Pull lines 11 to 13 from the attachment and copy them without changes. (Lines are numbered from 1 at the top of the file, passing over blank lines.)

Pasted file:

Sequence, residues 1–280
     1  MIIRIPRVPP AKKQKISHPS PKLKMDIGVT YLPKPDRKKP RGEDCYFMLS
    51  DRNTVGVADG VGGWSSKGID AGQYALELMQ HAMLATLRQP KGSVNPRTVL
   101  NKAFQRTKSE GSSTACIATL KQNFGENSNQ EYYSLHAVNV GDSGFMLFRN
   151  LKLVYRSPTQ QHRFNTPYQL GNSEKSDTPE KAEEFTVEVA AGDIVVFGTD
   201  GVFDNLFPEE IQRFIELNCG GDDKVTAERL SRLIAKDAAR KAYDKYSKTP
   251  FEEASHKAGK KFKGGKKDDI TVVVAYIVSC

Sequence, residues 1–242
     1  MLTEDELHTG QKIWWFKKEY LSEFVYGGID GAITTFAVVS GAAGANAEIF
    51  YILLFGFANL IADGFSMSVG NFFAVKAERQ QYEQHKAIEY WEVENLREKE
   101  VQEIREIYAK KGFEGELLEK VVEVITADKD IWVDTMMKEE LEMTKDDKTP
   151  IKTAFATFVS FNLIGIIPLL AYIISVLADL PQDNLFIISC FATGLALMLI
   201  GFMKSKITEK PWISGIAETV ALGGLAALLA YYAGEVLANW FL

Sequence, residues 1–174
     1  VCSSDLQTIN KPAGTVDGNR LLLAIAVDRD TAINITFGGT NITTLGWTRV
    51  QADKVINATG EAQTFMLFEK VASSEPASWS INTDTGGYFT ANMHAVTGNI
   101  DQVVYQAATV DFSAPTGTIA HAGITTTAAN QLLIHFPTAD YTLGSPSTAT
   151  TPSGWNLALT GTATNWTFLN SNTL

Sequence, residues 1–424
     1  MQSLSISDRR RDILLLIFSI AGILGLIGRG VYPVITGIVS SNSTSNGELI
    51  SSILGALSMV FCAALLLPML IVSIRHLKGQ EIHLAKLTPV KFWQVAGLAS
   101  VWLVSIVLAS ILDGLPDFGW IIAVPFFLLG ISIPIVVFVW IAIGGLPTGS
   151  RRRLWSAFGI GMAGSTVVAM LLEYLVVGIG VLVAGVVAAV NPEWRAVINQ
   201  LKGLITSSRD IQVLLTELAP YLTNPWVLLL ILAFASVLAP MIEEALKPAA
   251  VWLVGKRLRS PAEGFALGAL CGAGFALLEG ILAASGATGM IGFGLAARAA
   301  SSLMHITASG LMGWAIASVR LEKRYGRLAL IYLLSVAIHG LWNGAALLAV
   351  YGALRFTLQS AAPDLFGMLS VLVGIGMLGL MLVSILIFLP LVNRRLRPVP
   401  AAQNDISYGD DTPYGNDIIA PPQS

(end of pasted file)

   101  VQEIREIYAK KGFEGELLEK VVEVITADKD IWVDTMMKEE LEMTKDDKTP
   151  IKTAFATFVS FNLIGIIPLL AYIISVLADL PQDNLFIISC FATGLALMLI
   201  GFMKSKITEK PWISGIAETV ALGGLAALLA YYAGEVLANW FL